I am Gary Howell, an early career psychologist licensed in Florida and Illinois. I am truly honored to receive the inaugural “Guardian of Psychology” Award from the APAGS Advocacy Coordinating Team. While I have so many varied interests in our field, I have found my niche working with the LGBT community.
As an openly gay psychologist and professor, I have committed to making the world a better place for students, psychologists, community leaders, as well as clients who identify as lesbian, gay, bisexual, or transgender.
My love of advocacy began as a college student in a very rural town north of Dallas. I attended an honor society convention and saw Jeanne White deliver a touching keynote address highlighting her pain and loss of her young son, Ryan White, who died while battling HIV/AIDS following a blood transfusion. Her story hooked me in and led me to volunteer at a local AIDS Service Organization that served 7,000 square miles in Texas. I served as president of a student HIV/AIDS advocacy group on the Austin College campus around the time Matthew Shepard was beaten to death. The anger and pain we all felt as we huddled around the television in the Student Union building to hear if he survived or not ignited my passion for social justice.
The path to graduate school
Prior to entering graduate school, I spent two years teaching at a therapeutic day school. I was settled in and comfortable with my job, but I felt as though a significant part of me was fading away. I was informally looking at graduate schools and was scheduled to interview at one in NYC around the time of the 9/11 tragedy. As I sat helplessly in Dallas trying to help my young students make sense of the tragedy, I knew it was time to make a change in my life and find a way to reconnect with advocacy. I interviewed at the Adler School of Professional Psychology in Chicago and knew it was a perfect fit for me.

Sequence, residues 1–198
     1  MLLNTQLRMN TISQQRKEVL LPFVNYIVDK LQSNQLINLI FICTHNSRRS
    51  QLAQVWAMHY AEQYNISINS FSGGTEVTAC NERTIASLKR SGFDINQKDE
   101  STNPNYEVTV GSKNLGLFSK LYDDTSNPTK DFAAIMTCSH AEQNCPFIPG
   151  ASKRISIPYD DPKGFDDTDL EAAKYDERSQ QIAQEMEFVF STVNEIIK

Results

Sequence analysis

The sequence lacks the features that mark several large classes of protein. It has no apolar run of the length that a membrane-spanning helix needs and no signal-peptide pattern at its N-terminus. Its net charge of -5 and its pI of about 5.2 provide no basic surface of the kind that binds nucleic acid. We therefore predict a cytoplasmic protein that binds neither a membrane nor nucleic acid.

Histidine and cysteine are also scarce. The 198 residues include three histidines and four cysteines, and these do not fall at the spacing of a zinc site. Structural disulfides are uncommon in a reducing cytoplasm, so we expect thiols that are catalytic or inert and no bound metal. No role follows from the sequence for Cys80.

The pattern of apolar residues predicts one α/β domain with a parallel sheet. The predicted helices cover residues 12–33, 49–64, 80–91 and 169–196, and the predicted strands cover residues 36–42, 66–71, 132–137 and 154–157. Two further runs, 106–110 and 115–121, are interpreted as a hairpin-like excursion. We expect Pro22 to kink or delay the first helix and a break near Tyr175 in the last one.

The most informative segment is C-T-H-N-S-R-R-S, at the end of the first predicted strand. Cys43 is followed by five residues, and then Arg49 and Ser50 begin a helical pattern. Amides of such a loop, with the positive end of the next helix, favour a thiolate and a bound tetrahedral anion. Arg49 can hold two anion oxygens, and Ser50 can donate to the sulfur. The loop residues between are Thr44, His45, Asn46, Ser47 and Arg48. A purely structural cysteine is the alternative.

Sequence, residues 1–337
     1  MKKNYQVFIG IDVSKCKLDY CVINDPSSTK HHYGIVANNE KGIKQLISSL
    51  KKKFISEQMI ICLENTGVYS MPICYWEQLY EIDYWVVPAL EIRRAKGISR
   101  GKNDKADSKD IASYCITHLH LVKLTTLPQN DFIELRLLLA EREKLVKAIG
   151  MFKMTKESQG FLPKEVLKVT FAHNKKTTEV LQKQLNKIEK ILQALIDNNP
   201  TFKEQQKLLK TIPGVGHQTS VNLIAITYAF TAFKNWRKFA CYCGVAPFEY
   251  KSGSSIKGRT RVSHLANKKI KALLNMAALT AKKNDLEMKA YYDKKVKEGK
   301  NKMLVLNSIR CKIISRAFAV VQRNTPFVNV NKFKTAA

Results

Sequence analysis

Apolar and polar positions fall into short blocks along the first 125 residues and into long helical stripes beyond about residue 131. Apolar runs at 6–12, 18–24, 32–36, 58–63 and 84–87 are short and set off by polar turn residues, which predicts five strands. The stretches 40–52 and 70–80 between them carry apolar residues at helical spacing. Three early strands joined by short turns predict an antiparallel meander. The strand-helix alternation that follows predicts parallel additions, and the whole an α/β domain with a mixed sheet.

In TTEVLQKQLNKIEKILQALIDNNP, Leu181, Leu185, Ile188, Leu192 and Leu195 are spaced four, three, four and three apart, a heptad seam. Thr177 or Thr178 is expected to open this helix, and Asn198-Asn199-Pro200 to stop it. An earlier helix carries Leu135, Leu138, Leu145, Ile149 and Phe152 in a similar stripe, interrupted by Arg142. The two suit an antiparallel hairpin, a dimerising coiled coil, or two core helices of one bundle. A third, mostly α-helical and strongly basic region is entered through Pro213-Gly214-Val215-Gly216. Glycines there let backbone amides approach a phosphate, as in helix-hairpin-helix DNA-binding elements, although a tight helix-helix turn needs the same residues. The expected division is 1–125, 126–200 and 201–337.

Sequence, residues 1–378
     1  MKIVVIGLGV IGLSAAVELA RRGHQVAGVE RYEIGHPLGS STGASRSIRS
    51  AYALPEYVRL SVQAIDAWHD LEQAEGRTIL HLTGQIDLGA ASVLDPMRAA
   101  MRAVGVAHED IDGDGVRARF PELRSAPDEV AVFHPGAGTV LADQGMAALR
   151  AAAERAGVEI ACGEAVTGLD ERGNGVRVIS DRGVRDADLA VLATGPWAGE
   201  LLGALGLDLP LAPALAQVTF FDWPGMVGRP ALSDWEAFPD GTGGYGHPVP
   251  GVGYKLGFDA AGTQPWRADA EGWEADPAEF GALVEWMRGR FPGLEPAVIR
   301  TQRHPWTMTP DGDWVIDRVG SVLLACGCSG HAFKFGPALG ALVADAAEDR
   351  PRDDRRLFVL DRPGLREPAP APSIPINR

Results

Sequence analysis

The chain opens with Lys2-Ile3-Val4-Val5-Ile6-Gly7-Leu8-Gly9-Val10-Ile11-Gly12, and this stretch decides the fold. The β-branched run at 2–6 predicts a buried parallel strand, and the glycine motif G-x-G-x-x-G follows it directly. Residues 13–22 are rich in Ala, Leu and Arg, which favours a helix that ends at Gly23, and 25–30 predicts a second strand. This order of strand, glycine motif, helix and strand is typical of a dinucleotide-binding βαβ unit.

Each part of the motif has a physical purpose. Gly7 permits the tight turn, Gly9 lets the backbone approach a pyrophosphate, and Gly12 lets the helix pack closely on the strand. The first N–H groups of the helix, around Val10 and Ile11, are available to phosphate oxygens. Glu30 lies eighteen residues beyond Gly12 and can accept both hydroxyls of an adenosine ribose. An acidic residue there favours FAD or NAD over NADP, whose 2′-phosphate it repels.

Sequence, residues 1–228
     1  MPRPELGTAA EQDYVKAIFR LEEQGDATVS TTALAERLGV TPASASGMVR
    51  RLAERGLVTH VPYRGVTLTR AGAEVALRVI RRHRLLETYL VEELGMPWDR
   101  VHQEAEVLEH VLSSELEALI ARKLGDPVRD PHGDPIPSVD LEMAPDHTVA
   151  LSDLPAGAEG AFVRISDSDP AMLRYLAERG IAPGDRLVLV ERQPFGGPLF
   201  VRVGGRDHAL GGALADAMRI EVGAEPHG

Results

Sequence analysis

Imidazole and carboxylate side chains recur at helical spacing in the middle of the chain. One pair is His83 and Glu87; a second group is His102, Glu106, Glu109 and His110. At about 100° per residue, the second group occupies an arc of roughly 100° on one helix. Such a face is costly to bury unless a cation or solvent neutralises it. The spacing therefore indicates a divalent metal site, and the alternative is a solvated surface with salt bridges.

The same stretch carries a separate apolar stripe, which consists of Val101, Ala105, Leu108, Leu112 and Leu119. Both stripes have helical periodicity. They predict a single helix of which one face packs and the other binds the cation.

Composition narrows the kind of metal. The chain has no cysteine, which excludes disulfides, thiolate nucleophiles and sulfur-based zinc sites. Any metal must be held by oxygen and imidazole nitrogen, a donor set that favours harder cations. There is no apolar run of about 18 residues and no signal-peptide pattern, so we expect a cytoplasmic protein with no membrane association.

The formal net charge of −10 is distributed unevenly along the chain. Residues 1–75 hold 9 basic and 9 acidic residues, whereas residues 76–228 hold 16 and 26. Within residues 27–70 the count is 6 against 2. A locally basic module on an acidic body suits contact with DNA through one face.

I was settled in and comfortable, but I felt a significant part of me fading away.
By the time I left graduate school, Adler began to infuse diversity and social justice throughout the program. I found my footing again and quickly got as involved as I could in all things related to advocacy, social change, and public policy – a course I later taught at Adler. My mentor Dr. Gregory Sarlo urged me to get involved with the Illinois Psychological Association, so I did. It changed my life, gave me a new platform, and truly catapulted my career in ways I had not imagined for an early career psychologist. I served two elected terms as the chair of IPA’s Sexual Orientation and Gender Identity section. I was able to advocate and secure support of IPA to publicly endorse the removal of Gender Identity Disorder and Gender Incongruence from the DSM-5 in its early stages of development. I am very grateful that Drs. Armand Cerbone and Randy Georgemiller also noticed my passion for advocacy. Their mentoring was and continues to play an integral role in my pursuit of leadership within Division 44 and other divisions.
Organizing for psychology and LGBTQ youth